- Japanese Yen declined despite annualized GDP growth at 2-year high
- JPY appeared to have more interest in risk trends as Nikkei 225 fell
- Confused about the Yen reaction? Ask a question during a Q&A webinar
The Japanese Yen struggled to capitalize on a very solid preliminary second quarter GDP report. Annualized growth came in at 4.0 percent versus 2.5 percent expected. This was the strongest increase since the first quarter of 2015, more than two years ago.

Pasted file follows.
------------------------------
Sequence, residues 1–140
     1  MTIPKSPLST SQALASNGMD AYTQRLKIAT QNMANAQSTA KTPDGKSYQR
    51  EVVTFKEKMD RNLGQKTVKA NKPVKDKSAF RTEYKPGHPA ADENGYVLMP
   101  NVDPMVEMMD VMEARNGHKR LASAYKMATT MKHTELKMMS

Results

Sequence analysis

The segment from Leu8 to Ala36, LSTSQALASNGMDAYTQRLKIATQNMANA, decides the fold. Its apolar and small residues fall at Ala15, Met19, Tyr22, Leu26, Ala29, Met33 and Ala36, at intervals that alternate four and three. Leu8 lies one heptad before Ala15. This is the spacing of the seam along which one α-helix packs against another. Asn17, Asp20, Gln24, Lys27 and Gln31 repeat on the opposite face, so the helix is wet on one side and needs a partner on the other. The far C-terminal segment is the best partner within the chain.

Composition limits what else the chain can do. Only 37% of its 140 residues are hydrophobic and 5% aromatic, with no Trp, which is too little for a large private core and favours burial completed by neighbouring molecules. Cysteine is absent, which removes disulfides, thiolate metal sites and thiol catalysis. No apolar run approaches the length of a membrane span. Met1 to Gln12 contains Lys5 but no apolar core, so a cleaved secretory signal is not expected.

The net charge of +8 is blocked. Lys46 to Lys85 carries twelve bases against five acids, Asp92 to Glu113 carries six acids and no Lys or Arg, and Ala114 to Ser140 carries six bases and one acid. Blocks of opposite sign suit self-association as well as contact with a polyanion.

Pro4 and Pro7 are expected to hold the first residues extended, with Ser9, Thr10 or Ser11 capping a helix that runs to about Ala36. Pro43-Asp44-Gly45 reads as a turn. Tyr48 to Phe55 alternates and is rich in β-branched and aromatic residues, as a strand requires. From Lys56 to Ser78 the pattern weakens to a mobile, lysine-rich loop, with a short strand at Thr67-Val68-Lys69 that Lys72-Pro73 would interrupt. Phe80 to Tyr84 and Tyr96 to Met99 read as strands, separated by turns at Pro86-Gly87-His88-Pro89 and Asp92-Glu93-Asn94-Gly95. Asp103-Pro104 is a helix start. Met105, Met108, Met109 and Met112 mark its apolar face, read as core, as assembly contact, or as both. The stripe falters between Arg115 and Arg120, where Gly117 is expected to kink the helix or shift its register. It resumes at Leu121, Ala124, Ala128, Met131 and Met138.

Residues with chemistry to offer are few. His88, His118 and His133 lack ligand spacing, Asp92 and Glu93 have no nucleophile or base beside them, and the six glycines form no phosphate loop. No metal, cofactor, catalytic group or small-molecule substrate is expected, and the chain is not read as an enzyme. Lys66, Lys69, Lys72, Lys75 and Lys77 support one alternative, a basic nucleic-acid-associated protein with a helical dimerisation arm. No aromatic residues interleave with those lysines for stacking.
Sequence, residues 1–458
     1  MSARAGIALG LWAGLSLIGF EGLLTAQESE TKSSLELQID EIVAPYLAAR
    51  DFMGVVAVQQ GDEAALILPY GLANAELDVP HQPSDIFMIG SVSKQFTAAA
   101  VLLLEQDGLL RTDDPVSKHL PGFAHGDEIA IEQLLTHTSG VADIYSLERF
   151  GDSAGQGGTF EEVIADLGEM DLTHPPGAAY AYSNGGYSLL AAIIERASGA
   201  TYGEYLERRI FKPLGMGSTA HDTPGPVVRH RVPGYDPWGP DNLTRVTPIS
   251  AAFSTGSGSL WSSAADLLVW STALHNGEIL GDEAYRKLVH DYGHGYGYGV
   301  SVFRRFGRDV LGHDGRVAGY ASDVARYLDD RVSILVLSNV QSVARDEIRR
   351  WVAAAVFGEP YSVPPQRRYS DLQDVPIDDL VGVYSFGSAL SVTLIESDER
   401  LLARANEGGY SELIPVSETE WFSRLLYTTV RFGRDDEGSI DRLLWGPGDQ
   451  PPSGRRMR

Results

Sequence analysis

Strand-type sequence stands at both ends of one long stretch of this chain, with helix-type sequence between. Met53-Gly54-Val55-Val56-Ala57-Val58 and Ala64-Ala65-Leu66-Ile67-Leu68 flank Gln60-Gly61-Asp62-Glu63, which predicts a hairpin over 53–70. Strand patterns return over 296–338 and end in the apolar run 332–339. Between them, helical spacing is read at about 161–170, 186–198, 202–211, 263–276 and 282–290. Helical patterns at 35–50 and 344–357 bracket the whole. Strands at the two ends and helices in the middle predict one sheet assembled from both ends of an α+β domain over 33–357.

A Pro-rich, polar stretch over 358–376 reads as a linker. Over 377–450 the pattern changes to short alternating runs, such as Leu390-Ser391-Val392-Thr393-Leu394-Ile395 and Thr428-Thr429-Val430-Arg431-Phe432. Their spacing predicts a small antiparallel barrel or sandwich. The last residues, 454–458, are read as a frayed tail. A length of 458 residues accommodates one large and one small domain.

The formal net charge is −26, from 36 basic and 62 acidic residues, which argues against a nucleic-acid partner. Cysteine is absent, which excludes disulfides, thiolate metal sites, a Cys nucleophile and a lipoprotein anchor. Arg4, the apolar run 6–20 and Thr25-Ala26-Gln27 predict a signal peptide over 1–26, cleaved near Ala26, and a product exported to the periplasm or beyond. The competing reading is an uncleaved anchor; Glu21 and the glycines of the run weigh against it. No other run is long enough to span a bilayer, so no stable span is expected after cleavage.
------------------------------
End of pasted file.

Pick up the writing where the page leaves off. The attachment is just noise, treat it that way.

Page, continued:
The rest of the data followed a similar pattern. Relative to the prior quarter, the nation’s output gained 1.0% versus 0.6% expected. Nominal GDP was 1.1% against 0.7% forecasted. Private consumption gained 0.9%, higher than the 0.5% growth forecasted.
Looking at Yen reaction more closely, the anti-risk currency actually depreciated in the aftermath of the GDP release. The Nikkei 225’s decline at the beginning of this week’s session might have played a role in that. As Currency Strategist James Stanley mentioned, the bigger push for JPY at this point seems to emanate from the larger overall global risk aversion theme.